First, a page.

Emergence: Making a Game About Your Players

Emergence: Making a Game About Your Players Emergence and Why it’s the Best Thing, Kind Of. In 1974, the world was introduced to an experience called Dungeons & Dragons. Borrowing from the noble efforts of its predecessors, D&D featured a game dynamic where the players themselves were responsible for establishing the game’s content. But why leave so much responsibility in the […]

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The Hard Part About Live Action Design

The Hard Part About Live Action Design Picture this: You’ve just developed your first activity for a live-action game: It involves gathering resources, bringing those resources to an evac point, and then defending the evac vehicle while the goods are secured. You announce the mission details to your players and get ready for a multi-phased battle of […]

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Encouraging Creativity in Rekkage

Encouraging Creativity in Rekkage Creativity in games can be a powerful outlet for player expression, autonomy, and retention. But when attempting to inject it into games, be aware that creativity has an enemy. “The Candle Problem” is one of many creative problem solving exercises that require out-of-the-box thinking in order to solve. This particular experiment asks […]

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Stop Talking: Effective Rapid Prototyping Techniques (2013)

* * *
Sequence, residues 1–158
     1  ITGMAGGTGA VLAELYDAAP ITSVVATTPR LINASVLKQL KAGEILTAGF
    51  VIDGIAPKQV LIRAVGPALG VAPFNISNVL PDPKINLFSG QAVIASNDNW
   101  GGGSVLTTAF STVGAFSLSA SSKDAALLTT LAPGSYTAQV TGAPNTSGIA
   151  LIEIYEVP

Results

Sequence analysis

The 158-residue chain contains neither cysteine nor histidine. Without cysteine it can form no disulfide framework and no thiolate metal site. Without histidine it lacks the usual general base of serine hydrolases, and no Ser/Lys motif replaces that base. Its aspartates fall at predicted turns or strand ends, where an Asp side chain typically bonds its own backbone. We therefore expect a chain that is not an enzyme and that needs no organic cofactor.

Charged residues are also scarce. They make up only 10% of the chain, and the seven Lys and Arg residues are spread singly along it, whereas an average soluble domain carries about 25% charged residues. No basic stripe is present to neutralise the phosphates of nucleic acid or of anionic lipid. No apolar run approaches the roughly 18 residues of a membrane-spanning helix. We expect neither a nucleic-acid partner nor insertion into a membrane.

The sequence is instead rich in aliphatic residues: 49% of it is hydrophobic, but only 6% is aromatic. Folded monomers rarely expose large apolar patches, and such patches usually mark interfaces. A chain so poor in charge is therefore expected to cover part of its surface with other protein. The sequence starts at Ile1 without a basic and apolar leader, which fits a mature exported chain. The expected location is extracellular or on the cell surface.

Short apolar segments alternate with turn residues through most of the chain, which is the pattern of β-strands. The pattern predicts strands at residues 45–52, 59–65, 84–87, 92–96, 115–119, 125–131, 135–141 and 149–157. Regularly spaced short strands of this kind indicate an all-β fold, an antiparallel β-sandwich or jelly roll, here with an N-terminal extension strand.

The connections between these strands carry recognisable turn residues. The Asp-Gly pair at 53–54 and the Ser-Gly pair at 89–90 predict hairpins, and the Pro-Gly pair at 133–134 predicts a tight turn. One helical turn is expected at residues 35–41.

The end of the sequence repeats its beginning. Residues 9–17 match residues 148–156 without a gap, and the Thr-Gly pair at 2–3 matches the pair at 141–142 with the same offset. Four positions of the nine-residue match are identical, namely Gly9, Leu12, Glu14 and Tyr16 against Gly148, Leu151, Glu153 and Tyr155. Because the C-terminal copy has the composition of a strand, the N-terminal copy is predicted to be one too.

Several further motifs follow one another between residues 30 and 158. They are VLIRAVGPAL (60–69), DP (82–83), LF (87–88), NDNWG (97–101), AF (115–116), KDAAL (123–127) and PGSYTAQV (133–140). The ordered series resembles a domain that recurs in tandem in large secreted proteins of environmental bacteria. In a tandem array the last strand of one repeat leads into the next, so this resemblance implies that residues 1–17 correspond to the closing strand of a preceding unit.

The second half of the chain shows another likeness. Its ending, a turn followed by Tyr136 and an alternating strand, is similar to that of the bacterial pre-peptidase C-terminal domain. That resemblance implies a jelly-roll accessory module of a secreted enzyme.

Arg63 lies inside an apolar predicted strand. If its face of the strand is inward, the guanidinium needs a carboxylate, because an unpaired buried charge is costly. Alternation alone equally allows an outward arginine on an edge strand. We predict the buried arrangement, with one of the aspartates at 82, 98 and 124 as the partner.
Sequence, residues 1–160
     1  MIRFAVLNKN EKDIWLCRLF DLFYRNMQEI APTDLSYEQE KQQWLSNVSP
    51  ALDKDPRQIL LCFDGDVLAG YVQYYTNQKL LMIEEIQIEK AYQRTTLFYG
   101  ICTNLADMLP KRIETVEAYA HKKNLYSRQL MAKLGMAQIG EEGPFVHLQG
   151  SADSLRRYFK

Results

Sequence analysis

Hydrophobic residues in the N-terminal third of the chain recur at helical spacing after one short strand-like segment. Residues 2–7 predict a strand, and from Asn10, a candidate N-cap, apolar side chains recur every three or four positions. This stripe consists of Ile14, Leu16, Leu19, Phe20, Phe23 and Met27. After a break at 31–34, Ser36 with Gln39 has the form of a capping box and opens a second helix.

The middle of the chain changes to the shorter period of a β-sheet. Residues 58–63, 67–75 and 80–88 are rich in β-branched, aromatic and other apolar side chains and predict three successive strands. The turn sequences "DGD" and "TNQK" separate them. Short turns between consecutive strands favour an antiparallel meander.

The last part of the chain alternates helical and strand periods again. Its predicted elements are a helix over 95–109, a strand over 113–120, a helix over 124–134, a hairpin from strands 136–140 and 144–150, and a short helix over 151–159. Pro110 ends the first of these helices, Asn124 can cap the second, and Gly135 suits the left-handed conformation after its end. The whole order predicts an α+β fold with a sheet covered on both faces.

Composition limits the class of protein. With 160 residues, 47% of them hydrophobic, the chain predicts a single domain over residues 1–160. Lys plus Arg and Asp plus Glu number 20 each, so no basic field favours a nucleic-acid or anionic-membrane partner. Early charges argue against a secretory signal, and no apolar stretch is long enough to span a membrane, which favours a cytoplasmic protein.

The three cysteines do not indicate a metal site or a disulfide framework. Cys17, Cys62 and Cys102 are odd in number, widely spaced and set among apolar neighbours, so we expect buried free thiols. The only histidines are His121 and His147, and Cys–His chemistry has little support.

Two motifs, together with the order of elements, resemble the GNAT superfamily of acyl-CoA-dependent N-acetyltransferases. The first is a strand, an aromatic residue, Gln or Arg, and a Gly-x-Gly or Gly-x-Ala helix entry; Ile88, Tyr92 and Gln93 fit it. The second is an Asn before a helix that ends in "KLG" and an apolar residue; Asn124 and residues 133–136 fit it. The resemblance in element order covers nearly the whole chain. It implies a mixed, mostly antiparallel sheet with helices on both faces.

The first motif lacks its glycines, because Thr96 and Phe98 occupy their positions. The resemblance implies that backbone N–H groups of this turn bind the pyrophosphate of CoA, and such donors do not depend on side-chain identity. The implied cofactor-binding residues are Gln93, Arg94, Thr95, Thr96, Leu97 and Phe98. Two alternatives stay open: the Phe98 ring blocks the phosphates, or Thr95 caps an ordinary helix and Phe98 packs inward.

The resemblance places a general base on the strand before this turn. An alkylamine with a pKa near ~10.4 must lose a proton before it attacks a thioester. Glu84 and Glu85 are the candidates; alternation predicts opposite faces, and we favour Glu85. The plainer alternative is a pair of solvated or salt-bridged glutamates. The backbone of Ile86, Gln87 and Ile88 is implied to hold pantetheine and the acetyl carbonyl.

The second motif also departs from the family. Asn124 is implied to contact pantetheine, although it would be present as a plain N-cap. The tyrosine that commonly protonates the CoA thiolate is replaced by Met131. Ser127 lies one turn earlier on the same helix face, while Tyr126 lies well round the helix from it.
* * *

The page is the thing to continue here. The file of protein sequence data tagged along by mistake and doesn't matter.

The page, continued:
Stop Talking: Effective Rapid Prototyping Techniques (2013) Media Blackout PAX Dev has a conference-wide media blackout to encourage free speech and willingness to share knowledge in the interest of education over profit. As a result, no video or audio is available for this talk. Summary This session discusses a rapid prototyping methodology that combines the […]

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The Elegance of Sumo-Style Design

The Elegance of Sumo-Style Design Watching two overweight naked men grab each other may not seem like the epitome of elegance, but my experiences have led me to believe otherwise – rest assured. Sumo as we know it began in Japan’s Edo period in the late 1600’s. Ronin would meet in ceremonious combat with the […]

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Intuition vs. Nuance in Class Design

Intuition vs. Nuance in Wingman’s Class Design “Easy to Learn, Hard to Master” Skill in games is a difficult subject to breach: Some games require low skill to play but don’t do a great job keeping us interested for long, while other games take several hundred games of practice just to perform at a useful level (you can probably […]

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Sensation as Reward: Pacing in Wingman

Sensation as Reward: Pacing in Wingman “Static, predictable, and incremental at a very subtle level.”  For a long portion of development, levels in Wingman were all of these things, with very limited contribution to the feel of the gameplay. Players would start the match, and hazards would gradually become more dangerous as players fought in a Super Smash Bros.-esque […]

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